PM II (labeled) is brought to the food vacuole (fv) in cytostomal vacuoles (cv).

The bug that causes malaria feeds by gobbling up chunks of hemoglobin from the red blood cells it resides in. On page 47, Klemba et al. show how the parasite brings together this food source with its own enzymes that will degrade it. The results offer insight into how to treat this deadly disease.

The parasite breaks down hemoglobin for nutrients in its specialized organelle called the food vacuole, using proteases such as plasmepsin II (PM II). Hemoglobin gets to the food vacuole in vesicles that pinch off from cytostomes—openings through the parasite plasma membrane that lead to the blood cell cytoplasm. But how the endogenous protease reaches the food vacuole to meet its substrate had not been defined, leading some researchers to wonder whether a direct targeting pathway exists from the ER to the food vacuole. The new results suggest this is not the case.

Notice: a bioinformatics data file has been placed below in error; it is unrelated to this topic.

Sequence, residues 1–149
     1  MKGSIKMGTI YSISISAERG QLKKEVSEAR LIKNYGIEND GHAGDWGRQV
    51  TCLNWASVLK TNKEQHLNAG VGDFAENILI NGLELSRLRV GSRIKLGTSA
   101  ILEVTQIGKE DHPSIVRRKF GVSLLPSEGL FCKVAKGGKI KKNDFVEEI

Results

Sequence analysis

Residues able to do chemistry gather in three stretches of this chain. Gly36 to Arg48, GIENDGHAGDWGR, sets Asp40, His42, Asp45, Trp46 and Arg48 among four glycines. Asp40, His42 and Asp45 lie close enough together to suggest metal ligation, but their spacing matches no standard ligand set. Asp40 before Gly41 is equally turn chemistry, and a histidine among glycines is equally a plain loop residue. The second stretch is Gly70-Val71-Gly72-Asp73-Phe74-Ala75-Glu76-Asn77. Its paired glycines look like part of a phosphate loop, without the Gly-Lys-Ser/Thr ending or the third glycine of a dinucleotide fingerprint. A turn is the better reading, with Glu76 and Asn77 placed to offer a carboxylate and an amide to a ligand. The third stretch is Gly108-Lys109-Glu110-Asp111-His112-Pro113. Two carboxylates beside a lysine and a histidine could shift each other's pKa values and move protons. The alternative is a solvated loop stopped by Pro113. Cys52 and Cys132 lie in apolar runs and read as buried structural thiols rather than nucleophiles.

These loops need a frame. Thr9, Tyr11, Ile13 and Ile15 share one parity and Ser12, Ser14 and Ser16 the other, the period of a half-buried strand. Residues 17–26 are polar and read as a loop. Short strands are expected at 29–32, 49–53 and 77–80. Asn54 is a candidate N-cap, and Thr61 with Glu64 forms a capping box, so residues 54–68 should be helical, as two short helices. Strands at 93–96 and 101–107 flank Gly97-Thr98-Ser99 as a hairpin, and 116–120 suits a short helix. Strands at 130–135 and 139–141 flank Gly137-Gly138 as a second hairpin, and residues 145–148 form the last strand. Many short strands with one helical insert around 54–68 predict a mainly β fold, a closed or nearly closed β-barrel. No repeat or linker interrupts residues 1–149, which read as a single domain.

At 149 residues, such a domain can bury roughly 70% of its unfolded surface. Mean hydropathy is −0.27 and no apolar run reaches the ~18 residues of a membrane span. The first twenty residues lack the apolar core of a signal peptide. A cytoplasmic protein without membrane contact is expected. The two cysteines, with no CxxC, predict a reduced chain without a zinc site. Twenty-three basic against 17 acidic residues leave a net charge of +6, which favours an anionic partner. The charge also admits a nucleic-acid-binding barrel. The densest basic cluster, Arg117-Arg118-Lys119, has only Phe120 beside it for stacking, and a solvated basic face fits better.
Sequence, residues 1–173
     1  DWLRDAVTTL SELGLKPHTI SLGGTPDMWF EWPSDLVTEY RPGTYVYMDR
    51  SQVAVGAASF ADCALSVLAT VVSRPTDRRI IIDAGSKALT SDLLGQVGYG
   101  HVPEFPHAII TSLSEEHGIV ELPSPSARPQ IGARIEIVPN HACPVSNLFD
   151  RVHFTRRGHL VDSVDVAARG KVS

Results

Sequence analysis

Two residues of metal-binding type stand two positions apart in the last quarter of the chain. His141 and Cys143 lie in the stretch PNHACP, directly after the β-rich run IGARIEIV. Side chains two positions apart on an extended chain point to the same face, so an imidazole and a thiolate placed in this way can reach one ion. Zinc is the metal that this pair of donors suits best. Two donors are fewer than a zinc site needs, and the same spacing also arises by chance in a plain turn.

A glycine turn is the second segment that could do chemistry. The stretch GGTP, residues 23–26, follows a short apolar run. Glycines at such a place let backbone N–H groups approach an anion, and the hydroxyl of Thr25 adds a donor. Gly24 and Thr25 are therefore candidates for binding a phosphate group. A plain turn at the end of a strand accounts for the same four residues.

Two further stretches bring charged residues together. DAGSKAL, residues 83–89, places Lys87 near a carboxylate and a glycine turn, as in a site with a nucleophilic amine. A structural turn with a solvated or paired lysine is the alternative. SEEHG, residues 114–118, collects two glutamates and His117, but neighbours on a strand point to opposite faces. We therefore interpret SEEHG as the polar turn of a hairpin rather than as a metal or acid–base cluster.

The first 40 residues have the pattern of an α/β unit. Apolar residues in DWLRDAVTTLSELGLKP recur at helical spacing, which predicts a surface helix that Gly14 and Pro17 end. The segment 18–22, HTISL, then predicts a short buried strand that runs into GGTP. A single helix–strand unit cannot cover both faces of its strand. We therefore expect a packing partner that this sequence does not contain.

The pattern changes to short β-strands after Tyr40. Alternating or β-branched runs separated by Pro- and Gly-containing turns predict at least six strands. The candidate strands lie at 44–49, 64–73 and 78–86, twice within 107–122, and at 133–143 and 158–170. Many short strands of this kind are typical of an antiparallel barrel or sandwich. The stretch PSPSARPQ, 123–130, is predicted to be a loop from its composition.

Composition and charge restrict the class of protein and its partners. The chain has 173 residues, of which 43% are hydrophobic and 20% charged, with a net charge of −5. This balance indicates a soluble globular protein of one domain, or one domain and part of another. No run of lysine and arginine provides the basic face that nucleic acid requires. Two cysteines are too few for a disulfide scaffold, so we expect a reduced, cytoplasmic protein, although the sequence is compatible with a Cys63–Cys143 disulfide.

Instead, the group sees that an inactive precursor form of the protease hitches a ride with hemoglobin in cytostome-derived vesicles. GFP fusions of the PM II precursor were seen to be secreted from the ER to cytostomes. From there, the fusions traveled in vesicles shared by hemoglobin to the food vacuole, where the precursor was processed to its active form.

It is not clear whether PM II is sent directly to cytostomes or simply diffuses laterally once at the plasma membrane. If the former is true, a cytostome-targeted trafficking pathway might be a pathogen-specific target for drug treatments. â–ª